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  1. Adolescent Socioeconomic Status and Parent-Child Emotional Bonds: Reexamining Gender Differences in Mental Well-being during Young Adulthood

    Links between elevated mental well-being in adulthood and higher social and economic resources growing up are well established. However, the role of gender remains unclear, especially whether gender influences how social and economic resources interact to produce disparities in mental well-being across young adulthood. Drawing on nationally representative longitudinal data, we illuminate gender differences in mental well-being, finding that young adult mental health advantages based in adolescent socioeconomic status pivot on parent-child emotional bonds for young men only.
  2. Visualizing Police Exposure by Race, Gender, and Age in New York City

    This figure depicts the disparities in average police stops in New York City from 2004 to 2012, disaggregated by race, gender, and age. Composed of six bar charts, each graph in the figure provides data for a particular population at the intersection of race and gender, focusing on black, white, and Hispanic men and women. Each graph also has a comparative backdrop of the data on police stops for black males.
  3. Who Counts as a Notable Sociologist on Wikipedia? Gender, Race, and the “Professor Test”

    This paper documents and estimates the extent of underrepresentation of women and people of color on the pages of Wikipedia devoted to contemporary American sociologists. In contrast to the demographic diversity of the discipline, sociologists represented on Wikipedia are largely white men. The gender and racial/ethnic gaps in likelihood of representation have exhibited little change over time. Using novel data, we estimate the “risk” of having a Wikipedia page for a sample of contemporary sociologists.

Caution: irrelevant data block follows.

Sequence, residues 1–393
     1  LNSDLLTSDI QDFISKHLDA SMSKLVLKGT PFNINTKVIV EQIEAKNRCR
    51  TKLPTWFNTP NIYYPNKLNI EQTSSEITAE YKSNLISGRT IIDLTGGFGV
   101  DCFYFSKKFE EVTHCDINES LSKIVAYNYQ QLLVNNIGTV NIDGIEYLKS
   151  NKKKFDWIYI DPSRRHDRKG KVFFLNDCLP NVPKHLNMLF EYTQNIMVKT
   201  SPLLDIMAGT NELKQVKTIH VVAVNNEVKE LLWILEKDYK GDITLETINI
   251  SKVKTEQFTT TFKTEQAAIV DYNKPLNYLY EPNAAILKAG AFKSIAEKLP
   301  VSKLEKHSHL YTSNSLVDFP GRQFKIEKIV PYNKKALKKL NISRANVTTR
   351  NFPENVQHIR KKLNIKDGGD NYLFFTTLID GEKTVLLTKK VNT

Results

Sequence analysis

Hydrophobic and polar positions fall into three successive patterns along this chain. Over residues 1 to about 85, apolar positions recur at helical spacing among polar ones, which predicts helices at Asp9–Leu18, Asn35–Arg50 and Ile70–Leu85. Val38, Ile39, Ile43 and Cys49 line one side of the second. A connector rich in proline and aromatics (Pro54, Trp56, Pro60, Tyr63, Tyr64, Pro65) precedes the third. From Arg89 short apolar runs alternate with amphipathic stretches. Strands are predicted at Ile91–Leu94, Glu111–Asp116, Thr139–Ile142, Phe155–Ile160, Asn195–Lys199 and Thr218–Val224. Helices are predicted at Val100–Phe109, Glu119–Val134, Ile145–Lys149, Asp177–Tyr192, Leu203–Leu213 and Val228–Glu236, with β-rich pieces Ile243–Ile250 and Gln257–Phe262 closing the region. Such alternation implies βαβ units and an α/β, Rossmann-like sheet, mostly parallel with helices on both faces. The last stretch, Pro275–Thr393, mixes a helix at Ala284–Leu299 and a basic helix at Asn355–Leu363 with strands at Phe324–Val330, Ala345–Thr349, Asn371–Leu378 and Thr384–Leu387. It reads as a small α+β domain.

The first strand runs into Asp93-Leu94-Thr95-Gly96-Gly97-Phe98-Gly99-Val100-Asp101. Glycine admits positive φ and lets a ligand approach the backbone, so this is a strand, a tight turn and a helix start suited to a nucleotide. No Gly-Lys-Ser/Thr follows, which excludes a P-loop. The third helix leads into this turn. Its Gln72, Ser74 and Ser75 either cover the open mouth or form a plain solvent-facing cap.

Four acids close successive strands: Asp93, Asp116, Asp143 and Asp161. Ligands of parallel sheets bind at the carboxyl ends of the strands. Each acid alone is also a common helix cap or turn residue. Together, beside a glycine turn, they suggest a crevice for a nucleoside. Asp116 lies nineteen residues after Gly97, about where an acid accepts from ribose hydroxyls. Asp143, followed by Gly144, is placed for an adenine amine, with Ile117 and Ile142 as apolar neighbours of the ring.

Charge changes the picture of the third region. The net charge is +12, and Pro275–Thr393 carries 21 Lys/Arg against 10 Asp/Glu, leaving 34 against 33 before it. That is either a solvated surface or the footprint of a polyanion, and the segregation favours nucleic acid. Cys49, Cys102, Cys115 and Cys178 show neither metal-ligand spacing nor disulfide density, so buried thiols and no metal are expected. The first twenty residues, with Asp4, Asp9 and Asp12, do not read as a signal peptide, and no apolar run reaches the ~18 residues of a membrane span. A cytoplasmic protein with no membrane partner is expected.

4. Women in the One Percent: Gender Dynamics in Top Income Positions

    A growing body of research documents the importance of studying households in the top one percent of U.S. income distribution because they control enormous resources. However, little is known about whose income—men’s or women’s—is primarily responsible for pushing households into the one percent and whether women have individual pathways to earning one percent status based on their income. Using the 1995 to 2016 Surveys of Consumer Finances, we analyze gender income patterns in the one percent.
  5. Sociology, Demography, and Economics Presidential Ages and Sex over Time

    I provide a visualization of presidential ages and gender over time for three academic associations: the American Sociological Association (ASA), the Population Association of America (PAA), and the American Economic Association (AEA). The figure reveals important trends in the twentieth century concerning (1) the continued aging of association presidents, (2) the relatively recent increasing gender parity in association presidents of ASA and PAA but not AEA, and (3) the sharp increase in PAA presidential ages beginning near the turn of the twenty-first century.